Guitar Theory and Mental Mapping : Post 2

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Do you need to learn theory?

When I think of theory, what pops to mind are scales, modes, arpeggios, chord progressions, inversions, and substitutions.

Music is about feeling and expression, but none of these topics seem particularly related to expressing my innermost feelings.

There are tales recounted of formidable musicians who have not a clue about theory but are able to produce the most amazing music and never sound lost for ideas.

I always hoped I would grow into one of these “no study, just play” guitarists.

Unfortunately, it didn’t happen. I eventually sat down to learn … and when I did, I found I quite enjoyed it.

Won’t learning theory hinder my expression?

Yes, learning theory does hinder your expression – after all, learning theory is about following some pre-set rules to gain some knowledge.

This hindrance, however, is only short term – if you follow through and really understand and ingrain the lesson, then it becomes a part of your playing and will pass over into the expressive part of your brain and playing.

Here’s the learning cycle as I see it:

  • Applying theory will impose rules on you but it will open new sounds to you.
  • Through practice, these new sounds will become an integral part of your playing – your inner musical voice will be embellished by new ideas.
  • The new ideas will be practiced so much that they will flow from your fingers without thought.
  • You now have your old ideas at hand but in addition, new ideas have been assimilated and you can reproduce both your old and new ideas at will.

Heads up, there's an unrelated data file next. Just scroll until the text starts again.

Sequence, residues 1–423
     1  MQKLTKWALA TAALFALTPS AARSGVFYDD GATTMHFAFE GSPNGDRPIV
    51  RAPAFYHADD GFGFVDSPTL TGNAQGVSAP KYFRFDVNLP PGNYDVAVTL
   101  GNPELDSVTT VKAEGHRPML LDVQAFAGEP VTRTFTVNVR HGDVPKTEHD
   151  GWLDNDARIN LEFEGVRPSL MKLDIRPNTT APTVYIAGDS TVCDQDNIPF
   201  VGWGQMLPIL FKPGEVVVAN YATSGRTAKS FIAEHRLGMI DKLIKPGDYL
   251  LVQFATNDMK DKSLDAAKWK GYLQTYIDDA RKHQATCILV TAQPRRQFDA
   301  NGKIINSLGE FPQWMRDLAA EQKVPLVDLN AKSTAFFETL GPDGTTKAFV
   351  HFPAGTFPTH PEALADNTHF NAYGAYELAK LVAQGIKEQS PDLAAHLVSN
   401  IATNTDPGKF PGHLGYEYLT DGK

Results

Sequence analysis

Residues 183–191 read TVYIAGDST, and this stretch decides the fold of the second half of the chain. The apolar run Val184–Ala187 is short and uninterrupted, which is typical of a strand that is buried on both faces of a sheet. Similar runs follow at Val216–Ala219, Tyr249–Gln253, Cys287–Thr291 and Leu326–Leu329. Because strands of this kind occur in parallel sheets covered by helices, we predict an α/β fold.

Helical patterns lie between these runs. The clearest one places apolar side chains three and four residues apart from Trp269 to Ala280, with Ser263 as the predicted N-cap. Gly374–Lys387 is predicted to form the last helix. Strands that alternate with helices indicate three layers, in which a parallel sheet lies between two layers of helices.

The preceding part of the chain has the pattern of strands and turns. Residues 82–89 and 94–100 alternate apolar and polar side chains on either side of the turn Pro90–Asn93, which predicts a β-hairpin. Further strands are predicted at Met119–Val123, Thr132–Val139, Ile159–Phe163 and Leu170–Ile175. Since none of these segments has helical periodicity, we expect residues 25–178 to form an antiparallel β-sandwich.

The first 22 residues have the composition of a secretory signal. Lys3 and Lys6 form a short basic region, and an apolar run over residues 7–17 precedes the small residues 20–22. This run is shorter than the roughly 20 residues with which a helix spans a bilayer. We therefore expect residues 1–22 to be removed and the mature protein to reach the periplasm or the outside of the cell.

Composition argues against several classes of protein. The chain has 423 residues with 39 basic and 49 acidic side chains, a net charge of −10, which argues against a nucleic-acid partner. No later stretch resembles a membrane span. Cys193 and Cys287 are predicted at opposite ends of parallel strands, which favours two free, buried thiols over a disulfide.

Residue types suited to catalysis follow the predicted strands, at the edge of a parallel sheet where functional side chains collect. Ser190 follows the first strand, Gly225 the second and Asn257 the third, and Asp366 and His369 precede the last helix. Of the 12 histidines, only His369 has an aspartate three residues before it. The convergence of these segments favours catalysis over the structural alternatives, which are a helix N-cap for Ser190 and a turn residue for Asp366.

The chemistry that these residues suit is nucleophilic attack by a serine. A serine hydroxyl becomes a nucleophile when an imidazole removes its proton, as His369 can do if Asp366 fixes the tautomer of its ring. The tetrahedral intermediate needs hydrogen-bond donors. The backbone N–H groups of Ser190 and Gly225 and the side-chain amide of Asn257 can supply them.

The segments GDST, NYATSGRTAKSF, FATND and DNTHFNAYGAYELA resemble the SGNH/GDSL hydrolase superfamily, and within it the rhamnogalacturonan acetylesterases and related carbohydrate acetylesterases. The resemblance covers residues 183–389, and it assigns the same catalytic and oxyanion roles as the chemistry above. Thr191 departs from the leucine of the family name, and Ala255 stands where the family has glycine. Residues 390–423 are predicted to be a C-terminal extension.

Won’t learning scales and arpeggios make me sound mechanical?

There can definitely be a danger of this happening if you do not apply the lessons in your own musical way.

We’re all aware of guitarists who have practiced scales and arpeggios to death and can play them unbelievably well and fast, but their playing sounds nothing more than mechanical.

I would not say that this is wrong. It could just be a phase the player is going through – part of the learning process. It could be that the player is playing fast because it feels good to do it – we’re all allowed to indulge ourselves sometimes.

The danger comes when we get stuck in a rut of going up and down scales and our playing becomes more technical than musical.

The only way to get out of a rut is stop doing what we’re doing and learn new ideas.

This may be where many people come unstuck.

Learning new ideas means breaking habits and getting out of our comfort zone. It means taking a step backwards and inevitably not sounding as “good” as we previously did.

Learning new ideas takes time, dedication, commitment and effort!!

Not everyone can rise to that challenge.

If I follow the rules, won’t I just sound like everybody else?

We all hear different music in our heads – we all gravitate towards different types and styles of music.

When learning theory, I believe the idea is to understand it, but also to interpret it. You ultimately take what you like and leave what you don’t like.

As you assimilate more and more ideas, the ideas will merge into each other until what you are playing will no longer be a single set of rules set by someone else, but will be your own rules created from an amalgamation of the many ideas you have learnt and interpreted. There will also be additional rules you yourself have discovered and set along the way.

This is how your style will be born.

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